CIPS Member Blog: Ethics guidance for AI identification of misinformation

By Donna Lindskog FCIPS, I.S.P. (ret.)

The International Federation for Information Processing (IFIP) met in Toronto this March to discuss, amoung other things, how IT can be used to address global warming.  I was able to attend a workshop to propose initiatives.  We worked in pairs and my partner was Stanley U. Osula from DomiTek.  We were both concerned about Artificial Intelligence (AI). We proposed creating “Ethics guidance for AI identification of misinformation“.  The feedback we got was quite thought-provoking.

We had outlined two sets of actions.  On the community level everyone could work to promote professional organizations such as CIPS in Canada and their ethical experts that could give good advice such as we were proposing.  On a more macro level IFIP could compile and issue guidance as it seemed needed.

The group had already discussed the problems that misinformation causes and how many global warming efforts are discredited or derailed because of false facts.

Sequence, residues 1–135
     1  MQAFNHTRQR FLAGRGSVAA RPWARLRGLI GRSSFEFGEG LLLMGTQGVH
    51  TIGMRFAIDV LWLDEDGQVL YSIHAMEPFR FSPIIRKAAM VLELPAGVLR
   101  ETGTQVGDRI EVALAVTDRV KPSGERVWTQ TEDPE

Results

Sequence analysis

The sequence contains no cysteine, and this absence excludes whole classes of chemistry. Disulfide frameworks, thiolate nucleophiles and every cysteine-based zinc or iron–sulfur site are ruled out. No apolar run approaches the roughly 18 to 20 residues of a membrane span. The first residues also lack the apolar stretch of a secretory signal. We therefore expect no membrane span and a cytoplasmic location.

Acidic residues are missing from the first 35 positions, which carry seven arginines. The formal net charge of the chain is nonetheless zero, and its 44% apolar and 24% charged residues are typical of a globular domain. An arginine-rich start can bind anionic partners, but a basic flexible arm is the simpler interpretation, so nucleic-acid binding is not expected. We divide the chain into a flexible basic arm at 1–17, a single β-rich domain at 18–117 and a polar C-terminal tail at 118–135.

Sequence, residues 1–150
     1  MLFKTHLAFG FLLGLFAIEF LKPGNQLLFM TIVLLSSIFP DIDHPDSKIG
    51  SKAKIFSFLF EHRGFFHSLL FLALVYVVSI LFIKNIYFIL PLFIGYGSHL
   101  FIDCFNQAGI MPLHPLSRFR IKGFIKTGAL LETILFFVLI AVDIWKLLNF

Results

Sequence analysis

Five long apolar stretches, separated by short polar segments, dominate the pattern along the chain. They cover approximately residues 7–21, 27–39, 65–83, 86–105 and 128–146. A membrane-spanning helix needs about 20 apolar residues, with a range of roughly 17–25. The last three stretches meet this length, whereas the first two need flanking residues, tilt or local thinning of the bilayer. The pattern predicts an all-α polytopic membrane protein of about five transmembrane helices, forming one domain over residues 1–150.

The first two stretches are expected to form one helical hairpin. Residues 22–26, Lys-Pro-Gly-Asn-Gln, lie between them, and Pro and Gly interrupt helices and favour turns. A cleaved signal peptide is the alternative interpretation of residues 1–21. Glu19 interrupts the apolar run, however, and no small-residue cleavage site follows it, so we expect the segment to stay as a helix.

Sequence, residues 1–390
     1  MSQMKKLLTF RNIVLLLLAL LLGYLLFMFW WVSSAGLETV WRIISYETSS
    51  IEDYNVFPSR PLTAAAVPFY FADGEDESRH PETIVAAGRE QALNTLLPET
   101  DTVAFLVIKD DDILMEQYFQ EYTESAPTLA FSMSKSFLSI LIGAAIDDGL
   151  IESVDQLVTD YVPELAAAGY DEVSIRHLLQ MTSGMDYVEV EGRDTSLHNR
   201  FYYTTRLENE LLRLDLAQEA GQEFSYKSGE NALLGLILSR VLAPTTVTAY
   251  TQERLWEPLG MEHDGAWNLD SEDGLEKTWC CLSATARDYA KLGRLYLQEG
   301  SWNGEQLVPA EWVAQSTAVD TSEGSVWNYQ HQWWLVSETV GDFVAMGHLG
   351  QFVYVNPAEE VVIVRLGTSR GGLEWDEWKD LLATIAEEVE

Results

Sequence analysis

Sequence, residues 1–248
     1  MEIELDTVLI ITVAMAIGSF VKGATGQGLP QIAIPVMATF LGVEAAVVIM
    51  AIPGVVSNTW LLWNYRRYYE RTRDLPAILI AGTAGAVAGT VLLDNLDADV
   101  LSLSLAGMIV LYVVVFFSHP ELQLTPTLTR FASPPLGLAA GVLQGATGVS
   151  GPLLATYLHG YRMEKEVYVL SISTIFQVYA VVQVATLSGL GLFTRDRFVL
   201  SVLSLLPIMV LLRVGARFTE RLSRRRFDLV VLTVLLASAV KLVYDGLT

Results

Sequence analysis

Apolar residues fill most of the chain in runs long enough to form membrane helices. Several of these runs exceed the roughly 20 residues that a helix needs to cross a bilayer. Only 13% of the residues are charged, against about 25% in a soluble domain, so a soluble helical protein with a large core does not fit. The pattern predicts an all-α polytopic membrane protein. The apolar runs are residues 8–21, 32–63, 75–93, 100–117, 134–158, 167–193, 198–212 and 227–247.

There had also been discussions about Data for Good, Tech for Good, and AI for Good and how these organizations and others are supporting people wanting to do this kind of work.  Stanley put our proposal to ChatGPT to see if there was already ethical guidance out there.

ChatGPT gave the following guidelines:

  1. Transparency
  2. Fairness
  3. Privacy
  4. Accountability
  5. Security
  6. Continual Assessment

When we reported our idea and these results, the feedback from the IFIP members was immediate.  I think it was a member from the UK that explained that the ChatGPT list was clearly based on an early version of the general ethics list for all AI and he was adamant that there was now agreement you could not just have transparency but needed explainability as well. 

I believe it was a member from Sweden that pointed out that there have been efforts to identify misinformation for years.  They mentioned 2016 discussions about fake news. A mention was made of a 2016 “poop detector” that would identify what was suspect.

The main concern seemed to be that the AI could NOT be allowed to filter information that people saw.  A good question was asked : Why would AI be more trustable than a person to identify misinformation?  AI will always be able to find counter information for facts.  If the AI is trained on data sets that were given by people with a bias, then AI has a bias. 

IFIP was a very knowledgeable group to have this discussion.  I conclude that AI can give us feedback about the information we see, but good ethics should ensure it does not filter or delete any information sources.  I hope many other groups are having similar discussions and will work to ensure this happens.